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The Highs and Lows of Commission Work

You Really Have to Perform Every Single Day

Interior designer Nina Dayton discusses the pros and cons of working for commission.

First, tell me how long you’ve worked in the field of sales and interior design.

It’s been about five years now.

How does commission work in your line? Do you get a base pay? Or is it all commission?

Well, I’ve had a few different jobs, and it has varied some at each place.

At the store where I work now, our commission is anywhere from six to ten percent, depending on whether an item is full price or on sale. We do a lot of discounting for design clients, so the discounts reduce our commission.

But the owner recently changed the policy. It used to be that there was a monthly draw, which was about $3000 a month. We were guaranteed to go home with that amount, but if we didn’t make at least that much in commission, the amount we were short would be carried over as a negative balance for whatever commission we made the following month. So, if I sold only $20,000 worth of merchandise one month, then I’d have to sell $40,000 the next month just to break even.

Now, we have monthly guarantee of $2000. So even if my commission falls short of the guarantee, I enter the next pay period with a zero balance. Whatever I make in commission is mine.

So, typically, how much do you go home with every month?

There hasn’t been a typical amount yet because we’ve only had the new policy for a couple of months. I’m still feeling it out, but my guess is that I’ll be going home with pretty much the same amount of money as before.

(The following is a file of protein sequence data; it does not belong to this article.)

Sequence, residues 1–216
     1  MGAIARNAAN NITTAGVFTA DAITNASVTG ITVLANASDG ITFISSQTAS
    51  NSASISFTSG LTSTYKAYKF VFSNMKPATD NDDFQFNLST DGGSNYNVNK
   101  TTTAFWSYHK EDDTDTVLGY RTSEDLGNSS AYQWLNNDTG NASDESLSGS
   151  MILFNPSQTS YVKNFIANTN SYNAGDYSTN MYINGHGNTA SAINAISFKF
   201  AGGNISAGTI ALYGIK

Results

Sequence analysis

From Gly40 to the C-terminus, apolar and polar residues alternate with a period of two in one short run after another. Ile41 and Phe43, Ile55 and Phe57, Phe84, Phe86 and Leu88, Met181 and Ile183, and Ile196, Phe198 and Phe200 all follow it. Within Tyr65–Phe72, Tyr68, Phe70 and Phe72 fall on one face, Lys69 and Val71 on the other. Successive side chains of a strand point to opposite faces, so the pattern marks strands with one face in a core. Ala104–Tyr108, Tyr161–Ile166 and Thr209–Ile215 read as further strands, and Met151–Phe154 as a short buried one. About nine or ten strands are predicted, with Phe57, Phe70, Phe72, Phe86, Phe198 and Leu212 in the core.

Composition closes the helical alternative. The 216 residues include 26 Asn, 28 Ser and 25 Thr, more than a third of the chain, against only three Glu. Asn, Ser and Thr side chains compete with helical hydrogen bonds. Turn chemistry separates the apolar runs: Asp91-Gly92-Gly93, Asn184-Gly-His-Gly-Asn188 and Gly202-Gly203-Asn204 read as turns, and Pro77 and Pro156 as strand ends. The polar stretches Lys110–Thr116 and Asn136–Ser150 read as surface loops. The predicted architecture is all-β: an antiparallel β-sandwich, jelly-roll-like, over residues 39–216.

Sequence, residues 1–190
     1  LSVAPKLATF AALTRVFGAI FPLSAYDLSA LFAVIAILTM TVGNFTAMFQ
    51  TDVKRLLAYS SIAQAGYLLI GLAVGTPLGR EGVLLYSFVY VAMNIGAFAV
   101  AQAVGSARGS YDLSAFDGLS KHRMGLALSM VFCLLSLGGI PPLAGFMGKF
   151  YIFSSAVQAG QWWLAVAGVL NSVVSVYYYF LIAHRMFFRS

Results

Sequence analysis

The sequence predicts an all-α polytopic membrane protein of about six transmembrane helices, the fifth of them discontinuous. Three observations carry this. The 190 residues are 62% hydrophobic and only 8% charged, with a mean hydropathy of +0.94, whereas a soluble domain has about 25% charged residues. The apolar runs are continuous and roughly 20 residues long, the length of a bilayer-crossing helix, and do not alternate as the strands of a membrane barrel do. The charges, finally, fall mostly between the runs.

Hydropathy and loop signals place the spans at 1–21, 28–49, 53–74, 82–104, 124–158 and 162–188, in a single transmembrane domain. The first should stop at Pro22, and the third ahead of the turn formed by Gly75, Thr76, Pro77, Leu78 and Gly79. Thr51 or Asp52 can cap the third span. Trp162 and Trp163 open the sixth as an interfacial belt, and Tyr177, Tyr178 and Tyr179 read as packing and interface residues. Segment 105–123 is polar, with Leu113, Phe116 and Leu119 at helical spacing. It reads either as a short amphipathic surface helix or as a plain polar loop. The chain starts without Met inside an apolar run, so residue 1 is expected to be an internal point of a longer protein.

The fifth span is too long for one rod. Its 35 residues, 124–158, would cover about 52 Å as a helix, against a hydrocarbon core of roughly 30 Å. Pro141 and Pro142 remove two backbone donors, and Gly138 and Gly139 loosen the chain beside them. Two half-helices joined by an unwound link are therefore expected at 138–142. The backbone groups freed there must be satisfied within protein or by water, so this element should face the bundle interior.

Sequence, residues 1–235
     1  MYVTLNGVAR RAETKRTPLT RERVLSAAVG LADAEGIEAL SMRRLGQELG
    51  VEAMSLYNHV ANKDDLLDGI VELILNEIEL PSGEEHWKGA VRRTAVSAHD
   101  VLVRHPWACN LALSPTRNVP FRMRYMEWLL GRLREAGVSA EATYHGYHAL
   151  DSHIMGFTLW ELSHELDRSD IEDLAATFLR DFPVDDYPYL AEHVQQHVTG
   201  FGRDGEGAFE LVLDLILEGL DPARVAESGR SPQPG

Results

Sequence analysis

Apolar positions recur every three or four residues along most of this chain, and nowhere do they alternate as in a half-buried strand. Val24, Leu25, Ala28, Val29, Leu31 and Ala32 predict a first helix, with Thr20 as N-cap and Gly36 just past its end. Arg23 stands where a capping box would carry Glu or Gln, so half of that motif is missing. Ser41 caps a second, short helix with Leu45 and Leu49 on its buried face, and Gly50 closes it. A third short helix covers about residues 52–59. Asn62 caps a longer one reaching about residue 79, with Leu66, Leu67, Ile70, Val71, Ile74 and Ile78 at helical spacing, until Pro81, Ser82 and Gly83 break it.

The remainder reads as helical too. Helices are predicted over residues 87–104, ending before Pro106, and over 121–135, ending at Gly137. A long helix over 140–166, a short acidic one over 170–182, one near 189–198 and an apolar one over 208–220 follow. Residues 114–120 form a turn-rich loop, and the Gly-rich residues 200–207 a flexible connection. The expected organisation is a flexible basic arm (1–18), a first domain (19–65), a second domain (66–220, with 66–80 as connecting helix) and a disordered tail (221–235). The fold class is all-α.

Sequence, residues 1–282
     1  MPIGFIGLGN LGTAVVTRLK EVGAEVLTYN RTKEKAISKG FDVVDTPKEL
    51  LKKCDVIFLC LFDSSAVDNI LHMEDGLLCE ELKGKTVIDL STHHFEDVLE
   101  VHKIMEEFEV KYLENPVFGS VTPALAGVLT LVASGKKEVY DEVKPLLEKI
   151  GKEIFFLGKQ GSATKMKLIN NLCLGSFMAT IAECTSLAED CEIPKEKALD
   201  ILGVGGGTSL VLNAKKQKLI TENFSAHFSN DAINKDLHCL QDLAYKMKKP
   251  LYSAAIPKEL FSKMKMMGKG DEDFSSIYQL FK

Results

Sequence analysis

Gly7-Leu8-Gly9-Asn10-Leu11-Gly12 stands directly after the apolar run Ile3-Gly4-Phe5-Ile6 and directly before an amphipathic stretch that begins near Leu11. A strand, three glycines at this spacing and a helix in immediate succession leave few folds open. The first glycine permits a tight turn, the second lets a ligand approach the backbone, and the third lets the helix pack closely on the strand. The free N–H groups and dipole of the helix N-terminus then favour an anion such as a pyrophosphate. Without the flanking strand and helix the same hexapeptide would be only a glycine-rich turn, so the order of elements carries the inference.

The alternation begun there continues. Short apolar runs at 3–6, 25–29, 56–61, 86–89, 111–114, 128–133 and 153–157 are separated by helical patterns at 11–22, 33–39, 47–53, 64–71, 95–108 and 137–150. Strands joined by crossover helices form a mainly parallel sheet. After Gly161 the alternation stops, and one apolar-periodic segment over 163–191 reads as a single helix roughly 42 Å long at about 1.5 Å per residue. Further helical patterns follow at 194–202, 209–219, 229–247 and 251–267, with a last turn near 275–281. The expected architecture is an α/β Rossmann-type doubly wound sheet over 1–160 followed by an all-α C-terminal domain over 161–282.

How has it been different at other places you’ve worked?

At one job – in a design center in New York – I had a three-month guarantee, and then it went to purely commission, with no base pay. But I didn’t need a base pay because there was enough business that I made more than my guarantee from the beginning.

What made that place so different?

It was a very established company that had been in existence for a hundred years and they had built up a lot of business. They’re world renowned for the product they carry and for their reputation. So it was easy to sell.

Why did you leave?

It wasn’t nearly as creative as what I do now. I was selling rugs to designers. I didn’t get to be the one who puts a whole room together, and that’s the part I love.

What are the drawbacks and the advantages of working for commission?

For one, it’s performance-based, so you really have to perform every single day. But the biggest drawback is in not knowing what you’re going to have in your paycheck on a regular basis. It can be really stressful. The advantage, of course, is not having a cap on your income. It’s thrilling when it goes well. And sometimes you get the good and bad all at once.

Recently, I had a client who was eager to work on her entire house with me. On our first visit I sold her $35,000 worth of furniture and accessories for her living room alone. Then, she had a complete change of heart and wanted her money back.

When negotiating a base pay or a commission schedule, are there any rules? Any standards?

I like to believe everything’s negotiable. But it’s no different than any other type of pay. Some companies will say, “This is what we’re offering. Take it or leave it.” And some will be willing to negotiate.

So what does it take to make a living working for commission?

Well, you have to know that commission work is all about sales. You have to be able to connect with people, to listen, and evaluate their needs. You also need to have good follow-through and persistence. It’s not easy, but, like I said, it can be worth the stress.